Serbia is located in southwestern Europe and is bordered by the countries of Romania, Bulgaria, Kosovo, Montenegro, Bosnia and Herzegovina, Croatia, and Hungary.
It has the fertile northern plain areas from the Danube River but further south, the landscape is mountainous and rugged.
Serbia was once part of the country of Yugoslavia and was held together throughout history from force, kings, and later by Russian communist rule.
Fun Facts about Serbia:
Population: 7,498,000 people
Capital City: Belgrade, 1,576,000 people
Religion: Orthodox, Muslim
Area: 29,913 sq mi. (77,474 sq km)
Literacy Percentage: 96
Life Expectancy: 74 years
It is believed that the Serbs began to settle in the Balkan Peninsula around the 6-7th centuries and in the 9th century they adopted the Christian religion.
The first Serbian state was founded in the 14th century by a warrior named Stefan Nemanja and at that time it became one of the most powerful Balkan areas.
The defeat of the Serbs in the 1389 Battle of Kosovo allowed it to be absorbed by the then growing Ottoman Empire. While the people struggled against the rulers, it took until 1878 for Serbia to gain the strength to be independent when the Ottomans were defeated by Russia in the Russo-Turkish war. Following that time, Serbia, along with other Balkan states took some of the former lands that were run by the Ottomans.
World War I was actually caused by a Serbian assassin who killed Archduke Franz Ferdinand of Austria in 1914. This led to the declaration of war from Austria against Serbia and that led to other countries joining the war. After the war, Serbia actually became part of a Kingdom that included Croats, Serbs, and Slovenes in 1918. This area also included the former kingdoms of Montenegro, Serbia, Croatia-Slavonia, Bosnia-Herzegovina, Dalmatia, and the semiautonomous area of Hungary. The first monarch was King Peter I of Serbia.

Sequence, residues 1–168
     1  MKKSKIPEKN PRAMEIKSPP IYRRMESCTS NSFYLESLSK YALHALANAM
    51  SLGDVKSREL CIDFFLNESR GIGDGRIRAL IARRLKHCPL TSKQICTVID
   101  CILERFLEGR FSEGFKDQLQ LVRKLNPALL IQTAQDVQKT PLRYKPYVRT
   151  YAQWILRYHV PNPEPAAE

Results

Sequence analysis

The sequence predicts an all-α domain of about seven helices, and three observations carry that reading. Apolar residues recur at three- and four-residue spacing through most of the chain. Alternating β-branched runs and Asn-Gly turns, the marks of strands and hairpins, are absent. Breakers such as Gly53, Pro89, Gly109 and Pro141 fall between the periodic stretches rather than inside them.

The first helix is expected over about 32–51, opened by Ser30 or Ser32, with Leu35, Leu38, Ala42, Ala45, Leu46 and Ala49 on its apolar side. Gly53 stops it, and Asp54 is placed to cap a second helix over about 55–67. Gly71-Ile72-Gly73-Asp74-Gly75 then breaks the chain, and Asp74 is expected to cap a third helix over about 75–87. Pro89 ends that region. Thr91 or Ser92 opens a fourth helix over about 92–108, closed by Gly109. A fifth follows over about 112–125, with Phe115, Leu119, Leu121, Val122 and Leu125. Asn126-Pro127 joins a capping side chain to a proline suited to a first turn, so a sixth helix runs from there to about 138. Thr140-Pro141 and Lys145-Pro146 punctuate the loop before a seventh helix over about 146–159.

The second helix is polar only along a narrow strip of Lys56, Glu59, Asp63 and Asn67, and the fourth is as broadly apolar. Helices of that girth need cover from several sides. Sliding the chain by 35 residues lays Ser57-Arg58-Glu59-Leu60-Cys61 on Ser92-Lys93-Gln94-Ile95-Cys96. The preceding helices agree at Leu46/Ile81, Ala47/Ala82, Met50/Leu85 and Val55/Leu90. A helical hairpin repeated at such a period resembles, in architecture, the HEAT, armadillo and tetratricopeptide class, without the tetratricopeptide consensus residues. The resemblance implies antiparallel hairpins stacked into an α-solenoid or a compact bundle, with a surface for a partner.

The monarchy continued until 1941 when the government was overthrown and then Nazi Germany invaded the country. Just prior to this time, Yugoslavia had been brought in under the signing of a pact and by 1945 the monarchy was completely overthrown and the USSR received the area as part of a deal, allowing the new country to be under communist rule as the Communist Federal People’s Republic of Yugoslavia.
By 1948, the ruling factor of the new Republic broke with the Soviet bloc and this allowed the area to have a certain level of freedom for individual enterprise, the arts, and travel. By 1989, the new ruler came into power, and this caused uprisings among some of the Muslim citizens as the armies became involved in deliberate killings and agitations. NATO stepped in to stop the process, eventually bombing Serb positions.
1998 brought the Serbian police and the Yugoslavian army against the Kosovo Liberation group. The tactics were what would be called ‘ethnic cleansing’ against the Albanians and Muslims. Their goal was the complete elimination of any ethnic group that they did not want in their country. Again, NATO stepped in, but only when given proof of the civilian massacres.
NATO accomplished the same bombing tactics but this time the leaders stepped up their fighting and it resulted in thousands dead as well as 850,000 people fleeing the country as refugees. In 1999, Serbia finally signed a NATO peace agreement.
The former leader of Serbia was eventually brought up on charges of ‘Crimes Against Humanity’ and 66 other charges and trials were held. By 2002, the various countries
The violence wasn’t over, as it restarted in Kosovo in 2004 with some of the worst ethnic situations since 1999. NATO again sent in troops to help to keep the peace.
In 2008, Kosovo declared independence from Serbia, as 95% of their population was Albanian, it made sense to many of the world’s countries, with the exception of Serbia and Russia.
In 2013, Serbia began to arrange normalized talks with Kosovo and it was at that time the European Union agreed to be ‘open for discussion’ regarding the admission of Serbia into the EU.